My Objective: To bring further awareness to travelers with disabilities (both visible/hidden ¯) to the possibility of improper training and sensitivity to passengers with visible/invisible disabilities during TSA screening.I debated whether I would write this letter but after reading through the TSA tips and guidelines for people with disabilities I felt it was my obligation to inform you of the need to thoroughly understand your rights as a passenger with disabilities with regard to TSA screening department.
I was traveling through the Airport this month and what I encountered at the TSA security screening process was frankly embarrassing and appalling treatment.
I use my wheelchair at airports simply because of the amount of bags/packages I carry and my leg with lymphedema gets very heavy and painful when I walk for long periods without elevating.
I rolled up to the security counter using my own personal wheelchair. The security person noticed I had a cane and asked if I could stand and walk and I replied I could walk using the cane but I have a problem with balance due to my medical conditions (neuropathy and lymphedema). He gave me a TSA approved cane which was fine and asked me to walk over to the scan and put my feet spread apart on the imprints and put my hands over her head. Again I repeated I have a balance problem but perhaps if you give me time I know I can manage and will get my balance and might be able to do stand for a short while. The security guard stared at me like I was speaking a foreign language or just landed from Jupiter. I tried once but the guard was very inpatient and asked me to get back in my wheelchair and that they would perform a security pat down.
I was brought to the side but still in visible area. I attempted to present the security officers with two letters of medical necessity and my UNITED OSTOMY ASSOCIATIONS Travel Communication Card to clarify my medical conditions and why I needed to carry specific medical equipment with me. This TSA security personnel also stared at me for a while not reaching out to take the letters or communication card. I proceeded to ask again will you look at the documentation that explains all of my medical disabilities both hidden and visible and necessity to travel with equipment. The TSA guard said no they didn’t need to see it. I immediately began to explain hold on before you pat me down it’s important to let you know I have 44+ clips inside from multiple surgeries, ileostomy/colostomy and further explained the equipment I carried (lymphedema Pneumatic Compression Device and The Rebuilder System for my neuropathy).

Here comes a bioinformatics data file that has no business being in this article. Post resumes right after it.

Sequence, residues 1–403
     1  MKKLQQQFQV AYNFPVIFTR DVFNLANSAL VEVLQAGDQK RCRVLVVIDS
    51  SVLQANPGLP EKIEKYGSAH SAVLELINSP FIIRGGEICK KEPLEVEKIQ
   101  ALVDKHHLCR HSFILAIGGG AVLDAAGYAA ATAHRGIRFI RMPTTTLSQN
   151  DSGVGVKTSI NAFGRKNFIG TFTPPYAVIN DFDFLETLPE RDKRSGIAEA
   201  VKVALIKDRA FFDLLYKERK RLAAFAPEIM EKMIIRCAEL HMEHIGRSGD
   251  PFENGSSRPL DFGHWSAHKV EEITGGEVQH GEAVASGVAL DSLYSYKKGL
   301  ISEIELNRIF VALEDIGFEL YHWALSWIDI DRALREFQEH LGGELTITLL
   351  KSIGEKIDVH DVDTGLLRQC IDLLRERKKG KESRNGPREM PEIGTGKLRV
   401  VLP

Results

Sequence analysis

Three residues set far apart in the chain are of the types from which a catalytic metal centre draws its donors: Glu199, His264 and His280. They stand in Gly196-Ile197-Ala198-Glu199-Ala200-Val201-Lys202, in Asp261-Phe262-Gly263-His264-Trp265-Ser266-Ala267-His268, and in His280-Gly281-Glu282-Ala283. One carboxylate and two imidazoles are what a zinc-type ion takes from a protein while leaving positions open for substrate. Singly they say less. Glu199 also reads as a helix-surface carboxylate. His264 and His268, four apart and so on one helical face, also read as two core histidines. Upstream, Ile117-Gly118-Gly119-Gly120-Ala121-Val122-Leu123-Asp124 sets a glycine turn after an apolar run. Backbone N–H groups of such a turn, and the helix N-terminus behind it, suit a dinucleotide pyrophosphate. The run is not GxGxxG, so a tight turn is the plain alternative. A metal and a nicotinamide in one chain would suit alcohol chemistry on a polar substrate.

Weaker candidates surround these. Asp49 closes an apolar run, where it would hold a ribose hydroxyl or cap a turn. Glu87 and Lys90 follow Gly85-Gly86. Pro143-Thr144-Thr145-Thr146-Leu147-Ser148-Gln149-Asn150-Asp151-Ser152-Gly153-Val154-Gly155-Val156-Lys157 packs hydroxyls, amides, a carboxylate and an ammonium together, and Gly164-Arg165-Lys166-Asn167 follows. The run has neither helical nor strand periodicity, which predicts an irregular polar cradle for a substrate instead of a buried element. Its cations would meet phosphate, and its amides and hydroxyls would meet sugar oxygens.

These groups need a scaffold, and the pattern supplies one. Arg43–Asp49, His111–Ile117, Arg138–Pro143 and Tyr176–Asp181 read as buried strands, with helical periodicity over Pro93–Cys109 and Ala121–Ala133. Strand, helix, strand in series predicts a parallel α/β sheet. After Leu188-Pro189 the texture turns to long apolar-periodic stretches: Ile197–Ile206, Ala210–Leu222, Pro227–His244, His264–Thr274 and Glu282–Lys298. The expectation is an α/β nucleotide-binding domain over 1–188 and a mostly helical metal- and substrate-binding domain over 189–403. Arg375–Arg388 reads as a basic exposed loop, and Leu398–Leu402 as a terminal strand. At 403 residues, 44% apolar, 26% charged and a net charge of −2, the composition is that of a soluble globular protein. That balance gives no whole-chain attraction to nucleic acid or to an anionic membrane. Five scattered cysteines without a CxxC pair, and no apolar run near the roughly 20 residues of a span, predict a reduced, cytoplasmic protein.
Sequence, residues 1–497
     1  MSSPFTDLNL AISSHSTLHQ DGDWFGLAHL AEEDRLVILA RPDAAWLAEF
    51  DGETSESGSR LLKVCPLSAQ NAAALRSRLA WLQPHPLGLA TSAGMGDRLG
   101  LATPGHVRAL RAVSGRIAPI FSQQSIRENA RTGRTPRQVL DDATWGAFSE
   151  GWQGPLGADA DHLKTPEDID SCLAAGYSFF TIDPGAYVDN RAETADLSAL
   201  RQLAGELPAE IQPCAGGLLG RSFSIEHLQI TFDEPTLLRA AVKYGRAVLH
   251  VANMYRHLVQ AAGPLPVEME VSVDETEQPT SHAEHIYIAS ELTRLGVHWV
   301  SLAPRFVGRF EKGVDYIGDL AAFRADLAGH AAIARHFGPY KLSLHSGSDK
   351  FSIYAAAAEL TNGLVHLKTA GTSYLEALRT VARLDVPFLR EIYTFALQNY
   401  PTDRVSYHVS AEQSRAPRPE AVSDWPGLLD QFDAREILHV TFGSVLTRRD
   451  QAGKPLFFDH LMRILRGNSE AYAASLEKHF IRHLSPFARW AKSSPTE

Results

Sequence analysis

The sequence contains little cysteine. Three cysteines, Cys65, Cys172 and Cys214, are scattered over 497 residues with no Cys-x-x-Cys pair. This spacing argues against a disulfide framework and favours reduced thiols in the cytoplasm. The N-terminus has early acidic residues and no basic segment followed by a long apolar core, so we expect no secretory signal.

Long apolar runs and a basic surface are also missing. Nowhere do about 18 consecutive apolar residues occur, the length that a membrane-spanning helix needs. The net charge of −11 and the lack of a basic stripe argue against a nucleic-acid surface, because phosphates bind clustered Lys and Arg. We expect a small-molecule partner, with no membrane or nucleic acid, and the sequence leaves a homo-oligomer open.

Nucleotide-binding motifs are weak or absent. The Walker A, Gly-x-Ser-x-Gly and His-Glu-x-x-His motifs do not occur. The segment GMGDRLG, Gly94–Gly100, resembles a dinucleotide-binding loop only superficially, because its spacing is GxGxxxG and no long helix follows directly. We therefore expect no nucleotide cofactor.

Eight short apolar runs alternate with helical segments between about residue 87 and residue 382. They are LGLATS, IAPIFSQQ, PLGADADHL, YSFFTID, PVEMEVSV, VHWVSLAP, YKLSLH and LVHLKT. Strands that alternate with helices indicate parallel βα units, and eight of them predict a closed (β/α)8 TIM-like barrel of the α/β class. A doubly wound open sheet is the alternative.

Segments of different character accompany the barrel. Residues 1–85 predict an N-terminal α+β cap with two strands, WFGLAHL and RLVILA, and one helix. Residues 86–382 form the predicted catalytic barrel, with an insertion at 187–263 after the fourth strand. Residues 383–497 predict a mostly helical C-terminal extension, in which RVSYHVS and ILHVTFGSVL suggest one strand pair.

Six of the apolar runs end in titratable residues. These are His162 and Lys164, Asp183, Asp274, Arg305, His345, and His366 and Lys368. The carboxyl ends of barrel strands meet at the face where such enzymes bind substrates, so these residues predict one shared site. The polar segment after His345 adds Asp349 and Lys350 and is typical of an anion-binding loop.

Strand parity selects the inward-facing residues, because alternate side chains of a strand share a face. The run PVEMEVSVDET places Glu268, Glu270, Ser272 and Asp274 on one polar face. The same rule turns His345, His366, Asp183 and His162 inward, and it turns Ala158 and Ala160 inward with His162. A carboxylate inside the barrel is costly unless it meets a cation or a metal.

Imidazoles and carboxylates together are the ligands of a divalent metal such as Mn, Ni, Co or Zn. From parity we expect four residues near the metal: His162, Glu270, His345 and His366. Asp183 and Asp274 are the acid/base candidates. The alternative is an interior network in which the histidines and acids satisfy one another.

How TSA handled my disclosing my hidden medical conditions:
- TSA began to shout this one (referring to me) has a colostomy and another person repeated it loudly.
- TSA told me they would not permit me to bring one of the pieces of medical equipment that it would need to be checked.
- TSA informed her they would do a pat-down and explained that they would run the back of her hand up and down my various body parts.
- TSA lifted my shirt and pulled my undergarments away from my stomach. They asked me to use my hand on the ostomy and they would put their hand on top of mine and feel. All in public eyesight.
What TSA failed to do according to “Tips For the Screening Process” (http://www.tsa.gov/travelers/airtravel/specialneeds/editorial_1567.shtm)
- TSA failed to offer a private screening before the beginning of a pat-down. It was never mentioned as an option or a right.
- TSA failed tooffer a disposable paper drape for additional privacy. It was never mentioned this was an option or a right.
- TSA failed to give me the opportunity to request a private screening place. Again It was never mentioned this was an option or a right.
What We will do differently next time we travel.
- Bring a print-out from TSA website “Tips For the Screening Process” (http://www.tsa.gov/travelers/airtravel/specialneeds/editorial_1567.shtm)
- Request a private area for a personal search and now that we know we will insist that whoever is accompanying me will go along with during screening.
- Ask the Security Officer to please be discreet about my disability.
- Ask the Security Officer to change her/his gloves before the physical inspection.
- Ask for a visual inspection of Medication and related supplies before screening if we choose.
- I willmake sure all your carry-on items; equipment, mobility aids, and devices have an identification tag attached
- I will advise Security Officers upfront that my disability may require some assistance and I move a bit slower.
I learned an important lesson that day 1. know my rights, 2. prepare and 3. prepare again.
Love and God’s Blessings,
Email Me: email@example.com
E-mail the techie behind the Chat With Dee Dee (Blog, Facebook & Twitter pages) who happens to be my daughter.